Financial Risks, Financial Planner Qualifications and the Financial Advisor

Financial Risks | Financial Arrangements

To get the best out of any meeting about financial risks and financial arrangements, preparation is the key.

Before your first consultation with a financial adviser check through the topics below and have in mind some questions to ask:

Your goals and priorities

What do you want your financial plans to achieve? Try to be as clear as possible. For example, if your goal is early retirement, then what age and retirement income do you have in mind?

Their experience and qualifications.

Financial advisers need to have professional qualifications in order to give advice. These can range from a Diploma, demonstrating a benchmark grounding in financial services, to a full Chartered status, recognition that the adviser has attained and maintains the highest and most prestigious level of professional achievement. In some areas, advisers need additional qualifications before they can make recommendations – transfers involving final salary pension scheme benefits are the most commonly encountered example. If your adviser has not passed the relevant exams, you will have to decide whether to ask them to sub-contract this aspect to an expert or choose another adviser.

Your existing financial arrangements.

Your financial adviser will need as much information as possible about your existing policies, investments and pension provision. You should gather what details you have together and, if any of it is seriously out of date, request an update. Nevertheless your adviser may ask for your written authority to contact the organisations involved.

Your attitude to risk.

If your financial planning involves investment in any form, then your adviser will need to understand your attitude to risk. Your adviser wants to know how cautious or adventurous is your approach to investment. Some advisers use computerised systems to assess risk tolerance based on your responses to a set of questions, but it is still worth thinking about the topic before your meeting.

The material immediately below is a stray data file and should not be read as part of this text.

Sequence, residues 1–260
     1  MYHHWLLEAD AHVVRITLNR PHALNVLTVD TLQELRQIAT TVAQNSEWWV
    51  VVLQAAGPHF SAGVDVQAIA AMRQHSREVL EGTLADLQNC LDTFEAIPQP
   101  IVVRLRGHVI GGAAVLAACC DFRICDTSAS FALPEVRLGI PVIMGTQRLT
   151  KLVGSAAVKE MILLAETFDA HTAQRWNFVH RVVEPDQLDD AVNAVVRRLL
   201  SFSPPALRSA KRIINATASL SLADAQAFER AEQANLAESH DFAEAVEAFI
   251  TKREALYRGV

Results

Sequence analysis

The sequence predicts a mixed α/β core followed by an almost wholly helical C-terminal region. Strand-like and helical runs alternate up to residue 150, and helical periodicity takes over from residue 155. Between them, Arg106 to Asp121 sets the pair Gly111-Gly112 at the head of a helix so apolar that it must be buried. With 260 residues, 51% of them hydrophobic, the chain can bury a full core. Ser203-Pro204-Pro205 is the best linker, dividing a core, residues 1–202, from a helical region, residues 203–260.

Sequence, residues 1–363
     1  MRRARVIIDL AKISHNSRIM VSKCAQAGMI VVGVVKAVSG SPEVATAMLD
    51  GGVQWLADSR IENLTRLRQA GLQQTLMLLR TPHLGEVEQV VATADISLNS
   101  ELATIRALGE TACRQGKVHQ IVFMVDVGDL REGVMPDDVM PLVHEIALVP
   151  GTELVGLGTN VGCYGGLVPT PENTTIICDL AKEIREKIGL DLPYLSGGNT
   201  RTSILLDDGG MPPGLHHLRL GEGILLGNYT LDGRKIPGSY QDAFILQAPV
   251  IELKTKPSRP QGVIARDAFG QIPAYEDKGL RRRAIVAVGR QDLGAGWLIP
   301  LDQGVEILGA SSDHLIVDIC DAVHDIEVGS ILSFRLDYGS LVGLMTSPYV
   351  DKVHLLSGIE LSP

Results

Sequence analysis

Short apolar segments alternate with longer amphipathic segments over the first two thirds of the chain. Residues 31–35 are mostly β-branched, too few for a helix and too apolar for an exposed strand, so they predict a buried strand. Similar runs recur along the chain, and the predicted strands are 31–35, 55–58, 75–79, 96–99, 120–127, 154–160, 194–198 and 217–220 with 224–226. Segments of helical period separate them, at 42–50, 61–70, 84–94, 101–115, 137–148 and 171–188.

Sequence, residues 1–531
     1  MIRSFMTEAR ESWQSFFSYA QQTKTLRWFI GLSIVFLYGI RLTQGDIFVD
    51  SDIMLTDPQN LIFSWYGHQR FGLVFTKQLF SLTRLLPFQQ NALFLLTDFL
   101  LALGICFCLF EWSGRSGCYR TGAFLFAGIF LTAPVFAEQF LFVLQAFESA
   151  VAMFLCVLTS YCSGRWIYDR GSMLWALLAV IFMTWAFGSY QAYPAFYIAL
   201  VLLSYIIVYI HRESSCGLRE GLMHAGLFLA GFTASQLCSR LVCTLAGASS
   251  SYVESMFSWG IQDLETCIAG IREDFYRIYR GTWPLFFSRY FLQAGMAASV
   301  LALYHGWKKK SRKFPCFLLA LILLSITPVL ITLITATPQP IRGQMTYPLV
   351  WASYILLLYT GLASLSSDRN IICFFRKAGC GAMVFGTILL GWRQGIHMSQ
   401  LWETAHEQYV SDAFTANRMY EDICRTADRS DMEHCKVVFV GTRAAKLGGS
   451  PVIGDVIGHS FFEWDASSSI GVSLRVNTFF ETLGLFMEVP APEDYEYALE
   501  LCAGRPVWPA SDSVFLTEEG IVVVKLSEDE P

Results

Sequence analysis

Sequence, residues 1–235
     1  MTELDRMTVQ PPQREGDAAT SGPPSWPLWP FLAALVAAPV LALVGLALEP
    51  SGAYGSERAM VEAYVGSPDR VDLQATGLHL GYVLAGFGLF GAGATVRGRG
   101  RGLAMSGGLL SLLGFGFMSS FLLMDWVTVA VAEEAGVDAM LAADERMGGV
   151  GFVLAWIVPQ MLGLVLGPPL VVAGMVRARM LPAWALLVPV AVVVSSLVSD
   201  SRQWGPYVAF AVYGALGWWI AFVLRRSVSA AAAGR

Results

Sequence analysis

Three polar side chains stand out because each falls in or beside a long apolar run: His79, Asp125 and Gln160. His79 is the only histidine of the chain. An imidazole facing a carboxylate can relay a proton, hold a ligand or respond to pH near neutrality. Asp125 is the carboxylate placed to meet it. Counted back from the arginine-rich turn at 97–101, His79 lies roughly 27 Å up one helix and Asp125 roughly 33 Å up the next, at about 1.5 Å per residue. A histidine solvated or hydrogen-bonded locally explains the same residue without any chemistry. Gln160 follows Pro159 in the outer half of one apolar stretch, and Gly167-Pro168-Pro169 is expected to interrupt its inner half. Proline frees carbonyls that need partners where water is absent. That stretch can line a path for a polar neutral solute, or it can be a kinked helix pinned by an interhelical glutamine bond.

There is usually a trade-off on risk: the less risk you are prepared to accept, generally the less the scope there is for large profits. And the longer your time scale to when you might need the money, generally the more risk you can afford to take.

Payment for the advisory service.

Personal financial advice is not free, although it may sometimes look as though it is. It is important to remember all the work that has to go on before and after the meetings with the adviser – such as researching and monitoring the product and investment markets, obtaining information from product providers, arranging investments, insurances and other financial products and then looking after them.

Your adviser will have to clearly explain how much their services will cost.

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